Callsigns for radio, what is the requirement?

There was an interesting thread on twitter in the past week about callsigns.
It all started with a post from Anthony Bunn who asked, “how did the requirement to use callsigns on-air operate?”
James Cridland replied saying, There’s no requirement for radio stations to use their callsigns on air any more, incidentally. Nobody knows Nova is 4BNE, and ABC Radio Brisbane hasn’t used theirs for over 5 years. They’re a bit anachronistic but useful for smart speakers, oddly (since they’re unique).”
Brett Debritz chipped in with, From (perhaps flawed) memory, back when Triple M was FM104, they’d say something like “This is 4MMM Brisbane operating on 104.5MHz as FM104”. I know that in the old ham (amateur) radio days, signal identification and post cards to acknowledge reception were a big thing.”

James Cridland then tagged radioinfo’s, Steve Ahern who added, “What an interesting discussion. Thanks for looping me in James.
“This is what I know: Yes, identifying callsigns and frequency was mandatory at station open and close (in the days when stations went off at night). It was a requirement from the early days of radio licencing from when the Post Master General (PMG) controlled licences.
“This passed to the ABT (Aust Broadcasting Tribunal) and was in a broadcasting handbook, but evolved to mandatory identification every hour. There was no requirement to identify individual repeater frequencies. 
“All such on air identification requirements were dropped as callsigns evolved when FM was introduced in the late 1970s with 3 letter callsigns and brand names rather than licence identifiers.
“By then the ABT had become the ABA (Aust Broadcasting Authority), then the ACMA and a ‘light touch co-regulatory’ regime (cheaper for governments) was introduced. Bureaucrats sitting in regional offices all around the country no longer had to monitor stations to listen for mistakes (don’t get me started on mandatory weather and timecalls!)

In Australia the official callsigns begin with numbers that represent each state. In America it is different, they use letters and divide locations by west or east of the Mississippi River.

In America callsigns are issued by then Federal Communications Commisssion (FCC) and consist of from 3 to 9 letters and digits, with their composition determined by a station’s service category. By international agreement, all call signs starting with the letters K, N and W, as well as AAAALZ, are reserved exclusively for use in the United States.

AM, FM, TV and shortwave broadcasting stations can request their own call letters, as long as they are unique. The FCC policy covering broadcasting stations limits them to call signs that start with a “K” or a “W”, with “K” call signs generally reserved for stations west of the Mississippi River, and “W” limited to stations east of the river. Amateur stations can receive call signs starting with all of the letters “A”, “K”, “N” and “W”. Formerly, prefixes beginning with “A” were exclusively assigned to U.S. Army stations and prefixes beginning with “N” to U.S. Navy stations. More here.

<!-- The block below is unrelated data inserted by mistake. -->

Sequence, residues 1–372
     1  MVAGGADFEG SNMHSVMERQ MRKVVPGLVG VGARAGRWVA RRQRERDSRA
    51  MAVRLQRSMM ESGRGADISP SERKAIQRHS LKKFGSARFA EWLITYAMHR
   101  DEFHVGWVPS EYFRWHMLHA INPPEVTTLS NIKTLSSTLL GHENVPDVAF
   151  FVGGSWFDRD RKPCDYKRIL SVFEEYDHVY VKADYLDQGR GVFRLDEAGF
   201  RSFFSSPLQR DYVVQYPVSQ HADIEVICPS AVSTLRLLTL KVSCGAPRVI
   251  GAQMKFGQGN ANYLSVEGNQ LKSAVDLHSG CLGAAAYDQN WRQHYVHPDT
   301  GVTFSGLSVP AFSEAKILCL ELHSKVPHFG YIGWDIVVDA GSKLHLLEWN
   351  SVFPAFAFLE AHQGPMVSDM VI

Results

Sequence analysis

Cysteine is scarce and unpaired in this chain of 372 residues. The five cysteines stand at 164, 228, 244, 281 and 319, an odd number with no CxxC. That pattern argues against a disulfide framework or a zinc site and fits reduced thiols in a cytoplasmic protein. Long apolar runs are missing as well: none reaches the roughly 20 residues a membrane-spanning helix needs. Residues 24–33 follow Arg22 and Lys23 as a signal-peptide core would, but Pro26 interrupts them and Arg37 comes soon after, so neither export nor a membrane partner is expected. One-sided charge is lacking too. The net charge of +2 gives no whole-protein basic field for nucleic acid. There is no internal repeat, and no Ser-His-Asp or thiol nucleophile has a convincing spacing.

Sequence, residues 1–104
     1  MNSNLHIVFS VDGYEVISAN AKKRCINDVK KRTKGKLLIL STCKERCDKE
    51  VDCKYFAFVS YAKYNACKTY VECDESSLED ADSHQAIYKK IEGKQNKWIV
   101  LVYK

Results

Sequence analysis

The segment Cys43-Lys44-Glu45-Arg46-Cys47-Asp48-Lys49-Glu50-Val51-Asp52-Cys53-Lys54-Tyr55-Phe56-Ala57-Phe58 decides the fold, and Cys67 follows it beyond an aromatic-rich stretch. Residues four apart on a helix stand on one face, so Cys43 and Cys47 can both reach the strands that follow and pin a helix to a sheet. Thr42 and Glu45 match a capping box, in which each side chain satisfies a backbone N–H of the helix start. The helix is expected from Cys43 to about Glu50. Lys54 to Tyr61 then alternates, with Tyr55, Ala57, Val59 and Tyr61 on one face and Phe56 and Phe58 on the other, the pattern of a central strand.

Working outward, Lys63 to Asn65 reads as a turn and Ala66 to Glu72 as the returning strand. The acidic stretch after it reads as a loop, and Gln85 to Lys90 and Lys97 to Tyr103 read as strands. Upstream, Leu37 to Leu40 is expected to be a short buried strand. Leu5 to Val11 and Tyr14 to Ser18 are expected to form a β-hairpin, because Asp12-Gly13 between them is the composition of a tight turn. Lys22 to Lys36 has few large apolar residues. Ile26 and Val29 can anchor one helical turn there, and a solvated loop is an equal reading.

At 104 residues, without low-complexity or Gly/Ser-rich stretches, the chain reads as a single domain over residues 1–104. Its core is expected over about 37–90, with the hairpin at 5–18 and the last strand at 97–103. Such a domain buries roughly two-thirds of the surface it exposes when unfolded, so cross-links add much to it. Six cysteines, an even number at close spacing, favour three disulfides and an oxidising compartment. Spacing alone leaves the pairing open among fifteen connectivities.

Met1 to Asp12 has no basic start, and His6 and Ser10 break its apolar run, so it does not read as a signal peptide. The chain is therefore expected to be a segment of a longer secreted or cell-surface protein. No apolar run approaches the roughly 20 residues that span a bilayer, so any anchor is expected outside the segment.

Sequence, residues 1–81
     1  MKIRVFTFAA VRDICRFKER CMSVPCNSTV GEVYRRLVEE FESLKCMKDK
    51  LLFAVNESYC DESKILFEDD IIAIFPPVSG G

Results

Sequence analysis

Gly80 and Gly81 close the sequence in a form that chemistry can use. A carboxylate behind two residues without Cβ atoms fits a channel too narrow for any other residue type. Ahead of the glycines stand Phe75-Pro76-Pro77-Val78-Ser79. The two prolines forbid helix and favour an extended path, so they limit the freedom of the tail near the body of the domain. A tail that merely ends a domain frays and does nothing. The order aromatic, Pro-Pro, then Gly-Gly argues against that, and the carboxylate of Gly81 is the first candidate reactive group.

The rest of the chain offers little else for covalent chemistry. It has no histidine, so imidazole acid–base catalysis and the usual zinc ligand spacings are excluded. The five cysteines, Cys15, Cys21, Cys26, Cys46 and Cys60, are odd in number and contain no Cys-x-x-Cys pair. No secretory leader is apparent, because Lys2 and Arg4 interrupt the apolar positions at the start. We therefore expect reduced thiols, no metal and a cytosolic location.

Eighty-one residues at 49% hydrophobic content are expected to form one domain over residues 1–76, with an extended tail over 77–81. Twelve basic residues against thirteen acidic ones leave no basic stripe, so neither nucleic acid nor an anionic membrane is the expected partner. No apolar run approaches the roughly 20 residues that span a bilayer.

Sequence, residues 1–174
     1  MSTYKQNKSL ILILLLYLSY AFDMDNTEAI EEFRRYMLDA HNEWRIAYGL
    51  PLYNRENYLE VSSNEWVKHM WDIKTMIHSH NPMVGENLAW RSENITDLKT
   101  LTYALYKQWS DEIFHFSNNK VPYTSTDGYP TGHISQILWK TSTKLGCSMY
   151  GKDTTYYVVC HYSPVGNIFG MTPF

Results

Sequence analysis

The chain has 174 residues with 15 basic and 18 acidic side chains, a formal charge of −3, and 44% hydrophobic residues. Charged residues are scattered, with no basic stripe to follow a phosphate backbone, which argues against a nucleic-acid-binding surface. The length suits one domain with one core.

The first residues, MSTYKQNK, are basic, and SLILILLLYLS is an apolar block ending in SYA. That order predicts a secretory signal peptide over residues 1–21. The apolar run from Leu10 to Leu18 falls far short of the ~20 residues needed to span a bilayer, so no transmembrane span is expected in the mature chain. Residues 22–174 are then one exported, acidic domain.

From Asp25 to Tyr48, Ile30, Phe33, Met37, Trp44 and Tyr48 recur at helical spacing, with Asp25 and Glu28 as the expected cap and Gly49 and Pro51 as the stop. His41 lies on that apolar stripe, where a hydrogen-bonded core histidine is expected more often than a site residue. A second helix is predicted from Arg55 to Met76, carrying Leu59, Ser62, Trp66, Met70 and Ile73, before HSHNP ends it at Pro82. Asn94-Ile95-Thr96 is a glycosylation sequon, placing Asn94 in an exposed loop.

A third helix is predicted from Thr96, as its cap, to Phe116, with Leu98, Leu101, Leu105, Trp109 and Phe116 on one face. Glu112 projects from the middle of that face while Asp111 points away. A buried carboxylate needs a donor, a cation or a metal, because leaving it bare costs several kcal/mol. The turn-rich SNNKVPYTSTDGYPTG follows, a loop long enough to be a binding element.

James Cridland then went to work to look at the history of callsigns in the UK

The history of callsigns in the UK is short and sweet. Here we go…
The first BBC broadcast on 14 November 1922 was under the callsign of 2LO. 2LO was the transmitter in The Strand in London, acquired by the British Broadcasting Company from Marconi. The first thing on the BBC was a news bulletin: read by Director of Programming Arthur Burrows twice: once fast, then slowly, so listeners could take notes.
(If the “LO” callsign sounds familiar, it’s because 3LO in Melbourne, which started broadcasting in 1924, was named after London’s 2LO. It’s now known as ABC Radio Melbourne.)
By the end of 1922, the BBC had four transmitters: 5IT in Birmingham, 2ZY in Manchester, and 5NO in Newcastle. 1923 saw 5WA in Cardiff, 5SC in Glasgow, 2BD in Aberdeen, 6BM in Bournemouth. All these stations provided local programming because there was no way of linking them to broadcast a network service; but by mid 1923, the first national BBC news bulletin was broadcast, and the first relay service launched, 6FL in Sheffield (which rebroadcast 2ZY from Manchester).
All callsigns were removed on March 9 1930: the transmitters broadcasting either the “BBC Regional Programme” or the “BBC National Programme”. The Regional Programme was quite similar to today’s ABC Radio, with a mix of local programming and a sustaining service from London. At the outbreak of World War II, the two stations were replaced with one – the BBC Home Service, now known as BBC Radio 4. Callsigns have never been used since.
When UK commercial radio started in October 1973, no callsigns were used. Instead, the commercial radio regulator, the IBA (the Independent Broadcasting Authority) had a very hands-on approach: any changes of the name of a radio station, and even its daily broadcast schedule, needed to be approved in advance by the Authority. So, while UK commercial broadcasting has never had callsigns on-air, in many ways it does: the legal callsign is the name of the radio station, and the rules remain that it should be regularly identified as such, and any changes of name be approved by the regulator, which these days is known as Ofcom.
With RDS and DAB broadcasting (and the AM version, called AMSS), we return full-circle: a radio station now carries constant identification.



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